From the Journal of Miss Blaire. LAX. March 18, 2018. 3 pm.
I’m headed to Africa based on two emails. Two. Emails. That’s what no one else really knows.
The final performances of our ’18 Season (King Lear and my own play, Illspoken: The People vs. William Shakespeare), are actually happening right this very friggin’ minute. I feel strange. I’ve never missed a performance in 13 years of running the Shakespeare Youth Fest! It’s weird not being backstage right now. Like I’ve lost a toddler that’s made a mad dash into the crowd. Aren’t I supposed to be shushing the players or teasing hair or getting Zane’s bloody eyepatch to look red not pink. Making sure Aaron doesn’t touch the set so it falls on ‘Mma again (pictured left). It’s closing night, why am I sitting here at Bradley Terminal waiting to board a three-pronged flight from L.A. to the bottom of Africa? By myself. Why am I crying? Why am I so sad? Am I scared? Why am I doing this? I’ve been sick for weeks and I can’t seem to recover. I cough and get weak and lose energy. I was told to cancel this trip (by people who cancel things). But I don’t. I’d sooner die than back down. I was supposed to go with two other women who have been here before. One is my oldest friend. But they had serious things happen and they couldn’t go. How much caffeine was I spinning on when I asked to go to Botswana by myself? And not on Safari, but to launch a performing arts program from scratch at a rural primary school? No Safari. The voice of multiple people are in my head, now. “Excuse me. Shakespeare in Africa? I mean culturally, that makes no sense. More Western thought? And who cares about Shakespeare when they have to deal with clean water and food scarcity? Plus…you’re not James Shapiro, you’re not the RSC or OSF or The Globe. What do you think you’re doing?”
With Imposter Syndrome now fully set in as I sit in the terminal. I’m trying to remember, did anyone actually say this to me? No. But I’m sure it’s what all the WhiteSplainers are thinking. Then, “Oh yeah. No one is thinking about you. Get over it.” I think I’m taking on shades of Lear himself….”Who am I to my kids?” The insanity is interrupted by a text from Regan (actually our player, Julia E). “Lear’s going amazing. Best ever.”
Yay. Now I can add FOMO on top of Imposter Syndrome. Why can’t I be content, let alone happy?
It is because I’m a jaded grouch or is it because “no artist is pleased”? I am actually very happy for our Players and I am wise enough to know all the crazy monkey mind talk is fear. I feel like Gloucester at the edge of the cliff. (Even my eye is messed up today). I started this entire “thing” – whatever it is, and even back then I didn’t know what the “plan” was except to get two 5 year-olds to speak Shakespeare. It was an experiment that suddenly mushroomed into hundreds of kids and 27 plays in the Canon already performed… thirty minutes until boarding….okay. I want this nagging voice to leave me the !$*%!! alone before I walk onto that plane. I have thirty minutes to write a push back and purge it forever. Setting alarm with Siri for 4:15pm. Go:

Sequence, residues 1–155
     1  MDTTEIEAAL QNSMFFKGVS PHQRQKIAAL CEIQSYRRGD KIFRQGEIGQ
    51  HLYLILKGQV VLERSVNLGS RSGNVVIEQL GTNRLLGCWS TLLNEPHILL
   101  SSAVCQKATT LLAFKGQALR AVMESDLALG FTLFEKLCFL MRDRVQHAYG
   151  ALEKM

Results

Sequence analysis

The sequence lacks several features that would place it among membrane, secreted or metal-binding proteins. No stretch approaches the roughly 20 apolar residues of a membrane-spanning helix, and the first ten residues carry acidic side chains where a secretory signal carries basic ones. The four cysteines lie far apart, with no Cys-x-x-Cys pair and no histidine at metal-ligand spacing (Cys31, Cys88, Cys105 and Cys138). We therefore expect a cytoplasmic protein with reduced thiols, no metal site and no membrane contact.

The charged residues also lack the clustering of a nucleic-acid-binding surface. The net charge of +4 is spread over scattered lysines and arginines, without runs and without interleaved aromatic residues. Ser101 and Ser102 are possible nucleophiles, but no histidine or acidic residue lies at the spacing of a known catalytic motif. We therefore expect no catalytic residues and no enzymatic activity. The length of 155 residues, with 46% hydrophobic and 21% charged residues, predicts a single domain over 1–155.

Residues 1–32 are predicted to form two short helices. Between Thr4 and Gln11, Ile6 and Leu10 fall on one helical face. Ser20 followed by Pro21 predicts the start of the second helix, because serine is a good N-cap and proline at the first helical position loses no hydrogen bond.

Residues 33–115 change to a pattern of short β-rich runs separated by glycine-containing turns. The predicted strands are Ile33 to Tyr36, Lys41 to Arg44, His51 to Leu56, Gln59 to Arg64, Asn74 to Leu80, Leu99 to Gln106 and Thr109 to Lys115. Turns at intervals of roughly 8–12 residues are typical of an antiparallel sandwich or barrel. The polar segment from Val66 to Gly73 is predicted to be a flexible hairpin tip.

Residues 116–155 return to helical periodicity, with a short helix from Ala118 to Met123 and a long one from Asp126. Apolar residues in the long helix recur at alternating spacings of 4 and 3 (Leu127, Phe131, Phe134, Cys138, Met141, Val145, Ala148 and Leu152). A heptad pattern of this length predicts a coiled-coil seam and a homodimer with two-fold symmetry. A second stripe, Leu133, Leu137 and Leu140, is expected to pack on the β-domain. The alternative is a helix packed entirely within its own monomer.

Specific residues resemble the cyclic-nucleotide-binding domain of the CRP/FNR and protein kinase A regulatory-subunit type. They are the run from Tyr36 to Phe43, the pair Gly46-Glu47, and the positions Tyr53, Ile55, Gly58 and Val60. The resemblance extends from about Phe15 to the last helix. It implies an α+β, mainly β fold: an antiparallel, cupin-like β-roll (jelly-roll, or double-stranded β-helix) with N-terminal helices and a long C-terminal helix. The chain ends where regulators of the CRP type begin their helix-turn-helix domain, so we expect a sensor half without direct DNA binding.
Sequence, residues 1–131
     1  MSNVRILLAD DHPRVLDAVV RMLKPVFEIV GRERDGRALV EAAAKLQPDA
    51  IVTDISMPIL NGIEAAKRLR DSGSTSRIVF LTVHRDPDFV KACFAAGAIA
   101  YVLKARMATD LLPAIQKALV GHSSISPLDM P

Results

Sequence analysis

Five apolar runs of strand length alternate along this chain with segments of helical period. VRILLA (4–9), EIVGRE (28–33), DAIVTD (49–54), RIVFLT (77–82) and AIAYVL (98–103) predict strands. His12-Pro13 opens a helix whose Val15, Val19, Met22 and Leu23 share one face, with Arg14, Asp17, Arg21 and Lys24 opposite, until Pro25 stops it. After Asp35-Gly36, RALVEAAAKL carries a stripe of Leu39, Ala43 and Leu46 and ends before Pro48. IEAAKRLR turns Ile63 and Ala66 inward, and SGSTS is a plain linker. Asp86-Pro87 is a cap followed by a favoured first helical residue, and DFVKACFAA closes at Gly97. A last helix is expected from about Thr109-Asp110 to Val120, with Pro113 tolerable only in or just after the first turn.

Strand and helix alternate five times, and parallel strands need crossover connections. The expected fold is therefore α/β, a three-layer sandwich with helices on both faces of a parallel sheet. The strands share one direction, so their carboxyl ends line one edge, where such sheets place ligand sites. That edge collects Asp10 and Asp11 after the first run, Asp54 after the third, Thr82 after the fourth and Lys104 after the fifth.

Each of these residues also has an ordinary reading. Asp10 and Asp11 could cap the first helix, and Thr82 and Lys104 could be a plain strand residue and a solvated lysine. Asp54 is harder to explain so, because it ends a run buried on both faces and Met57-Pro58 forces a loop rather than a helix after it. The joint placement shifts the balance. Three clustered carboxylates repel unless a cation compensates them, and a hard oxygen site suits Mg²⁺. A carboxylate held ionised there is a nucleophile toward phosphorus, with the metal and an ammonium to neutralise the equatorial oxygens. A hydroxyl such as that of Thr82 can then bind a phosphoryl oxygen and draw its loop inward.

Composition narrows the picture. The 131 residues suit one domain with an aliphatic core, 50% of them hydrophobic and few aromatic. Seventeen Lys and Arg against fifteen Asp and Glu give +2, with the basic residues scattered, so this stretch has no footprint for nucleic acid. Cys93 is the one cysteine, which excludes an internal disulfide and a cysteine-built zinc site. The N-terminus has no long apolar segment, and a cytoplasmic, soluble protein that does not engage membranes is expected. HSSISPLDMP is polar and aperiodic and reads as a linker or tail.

Why do anything? Why try? If I were nine and a visitor was coming to my school from as far away as southern Africa to share customs, teach a dance, impart the language of Swana, tell stories and legends of their ancestors, act out their folk lore – how would I feel? (….excited, honored, ignited. curious, open, grateful). So why wouldn’t they feel the same? This is about universal stories. New stimulation. Theatre games bringing connection. Self discovery. Play. I am allowed to show up and play. I am not a colonizer. I am not a celebrity going into a village for photo ops. I am not a tourist on safari. I am an artist who loves young people and theatre and Shakespeare. And I don’t need to be in the Royal Shakespeare to be a champion of the Underdogs, the Forgotten, the Ignored, the Abandoned and the Other 99% of the world. I am the person to do this. If we fail, we fail. But screw your courage to the sticking place, and we’ll not fail! Thanks, Lady M. And thanks for your concern Imposter Syndrome, but I don’t need you on this trip. You’re staying home. I’m sure you’ll pick me up at the airport…
That push back took 9 minutes to write. With 21 minutes to spare, I’m off to get my last Starbucks. Maybe ever.
6pm. Over Detroit.
Or thereabouts. I left “Who do you think you are?” back at the airport but Nature abhors a vacuum so a new personality has surfaced. The Troubleshooter. The Troubleshooter has accepted that it’s a done deal. The Troubleshooter (my Mother from the grave I’m sure) has caught on to my little secret which no one knows… This trip to the bottom of Africa hinges on two emails between me and Mr. Brooks Kamanakao: who I don’t know. Why am I not panicking? Brooks was referred to me via my friend Dee Dee. I trust Dee Dee and Dee Dee trusts Brooks. His last email: “See you at the airport.”
At this point I am ready to arrive in Maun and have no one be there and deal with it. But right now I’m trapped in a tiny seat in Coach with my mother’s voice. An onslaught of: “Where are you staying?… Find a hospital … What if he isn’t at the airport? … You didn’t learn one word of Swana … Did you forget the malaria pills? … Have your passport around your neck.”
I can’t. I won’t. Yap all you want, Troubleshooter. We’re going to just sit here in coach and stare at the seat in front of us that’s practically rammed into our knees…with all these unanswered questions. For the next 9 hours.
Next installment: Getting to Motopi, Botswana